Concurrent with these political development, the elaboration of speculative future narratives, and indeed, on some accounts, the future itself, was purported to have been banished with the advent of postmodernity. As Lyotard’s epochal definition puts it, we have grown suspicious of the metanarrative, and in its wake historical teleology and even grand-scaled meaning-making have collapsed into an impossible to summarise plurality of fractured, partially overlapping micro-events. There is of course some truth to these claims, yet as we argue, Lyotard moves too quickly to dismiss the mass belief in ‘the future’ and the big picture trajectory. What has disappeared is faith in the future in the more depressing sense of a better future, while looming dystopian perspectives, of a future of hyper-neoliberalisation, rising surplus populations, and environmental catastrophe have become all-too ubiquitous. Key political signifiers such as ‘modernisation’, for example, have become almost entirely subsumed within a neoliberal framework. The modernisation of an industry, workplace, or pursuit, today indicates privatisation, contracting out, rising precarity and declining wages.
The task of elaborating futures, both within the sphere of ideas and the domain of action, might be deemed on such a basis a classically modernist one. This is a frame which we partially endorse. Modernism’s emphasis on the future, on the possibility of human accomplishments to determine a better future, is certainly not to be abandoned. Yet we must admit to seeking a more complex relationship between the future and politics than the teleological fairy tales of Hegelian Marxism. History has demonstrated that we are as likely to see reversals, swerves, and collapses, as a constructive building towards universal human flourishing. So too is the world more plural, less unitary, and ultimately more complex than certain modernist strands of thought would present it. As such, while we believe that the recovery of certain dimensions of the historical modernist project are essential facets of creating a new leftism, it simultaneously requires us to reach towards something like Fernando Zalamea’s transmodernism: a synthetic universalism, dynamic, plural, and revisable, yet capable of moments of partial universalisation. Within such a perspective, the future or futures can operate as partial binding agents – motivating transitions, translations, and transplantations, creating momentary fixes and coherent trajectories within a broader flux. From another perspective futures here operate as complexly hegemonic operators – investing and re-engineering pre-existing fields of ideology and organisation.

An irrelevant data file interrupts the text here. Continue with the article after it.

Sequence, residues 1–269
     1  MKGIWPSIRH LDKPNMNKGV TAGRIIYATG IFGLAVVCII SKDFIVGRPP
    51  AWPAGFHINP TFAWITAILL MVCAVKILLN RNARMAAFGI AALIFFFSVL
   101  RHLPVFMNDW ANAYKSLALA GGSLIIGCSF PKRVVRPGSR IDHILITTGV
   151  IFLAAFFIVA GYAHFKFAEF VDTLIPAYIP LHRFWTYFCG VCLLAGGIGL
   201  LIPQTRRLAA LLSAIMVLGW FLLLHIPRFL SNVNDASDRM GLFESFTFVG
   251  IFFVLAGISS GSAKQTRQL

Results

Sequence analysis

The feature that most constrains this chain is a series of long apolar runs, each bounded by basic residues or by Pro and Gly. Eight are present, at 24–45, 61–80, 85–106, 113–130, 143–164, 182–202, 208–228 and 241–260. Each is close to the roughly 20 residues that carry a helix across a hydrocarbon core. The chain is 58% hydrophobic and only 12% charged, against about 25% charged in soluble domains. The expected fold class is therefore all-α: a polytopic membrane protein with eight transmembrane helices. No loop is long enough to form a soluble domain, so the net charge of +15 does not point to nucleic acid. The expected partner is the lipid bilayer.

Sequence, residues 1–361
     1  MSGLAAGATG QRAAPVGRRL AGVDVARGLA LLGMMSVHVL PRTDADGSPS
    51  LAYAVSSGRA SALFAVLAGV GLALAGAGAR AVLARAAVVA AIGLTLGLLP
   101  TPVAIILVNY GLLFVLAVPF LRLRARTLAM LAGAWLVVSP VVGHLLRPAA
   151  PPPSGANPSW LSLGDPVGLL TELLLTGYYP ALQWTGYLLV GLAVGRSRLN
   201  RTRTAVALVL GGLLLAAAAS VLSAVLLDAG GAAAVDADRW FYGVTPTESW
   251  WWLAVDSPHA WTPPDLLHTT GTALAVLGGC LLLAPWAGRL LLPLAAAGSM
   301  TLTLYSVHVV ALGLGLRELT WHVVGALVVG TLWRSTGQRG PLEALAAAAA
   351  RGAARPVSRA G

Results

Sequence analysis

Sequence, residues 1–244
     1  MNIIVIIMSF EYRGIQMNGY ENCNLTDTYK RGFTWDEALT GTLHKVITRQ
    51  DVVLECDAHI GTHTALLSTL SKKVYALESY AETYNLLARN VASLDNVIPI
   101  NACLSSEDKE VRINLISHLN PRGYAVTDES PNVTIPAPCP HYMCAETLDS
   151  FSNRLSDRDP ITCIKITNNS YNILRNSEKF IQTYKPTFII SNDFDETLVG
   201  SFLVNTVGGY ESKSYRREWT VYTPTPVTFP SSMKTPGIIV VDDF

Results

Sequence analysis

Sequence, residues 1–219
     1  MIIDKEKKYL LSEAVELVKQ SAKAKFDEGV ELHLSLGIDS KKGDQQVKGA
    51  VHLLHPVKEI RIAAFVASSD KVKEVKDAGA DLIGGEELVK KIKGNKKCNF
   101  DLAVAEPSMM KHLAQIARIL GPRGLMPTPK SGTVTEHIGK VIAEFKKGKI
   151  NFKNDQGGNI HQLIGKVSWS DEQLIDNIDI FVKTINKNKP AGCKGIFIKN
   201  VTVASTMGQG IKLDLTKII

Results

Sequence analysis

The book, Inventing the Future, should be understood in this way. It is an attempt to knit together a series of partial perspectives into a more universal and hegemonic project, an attempt to make a reasoned argument for why a post-work world is both necessary and possible at this moment, and an effort to show how this intersects across a range of different existing movements. To achieve this, the book functions differently from the affective mobilisation involved in the manifesto-form, but it is no less directly political. It is ultimately a call for a post-work politics to be built by all those who feel convinced by its proposals. As such, the book has self-consciously moved away from the fashionable term ‘accelerationism’ and is an attempt to build a more long-standing political project.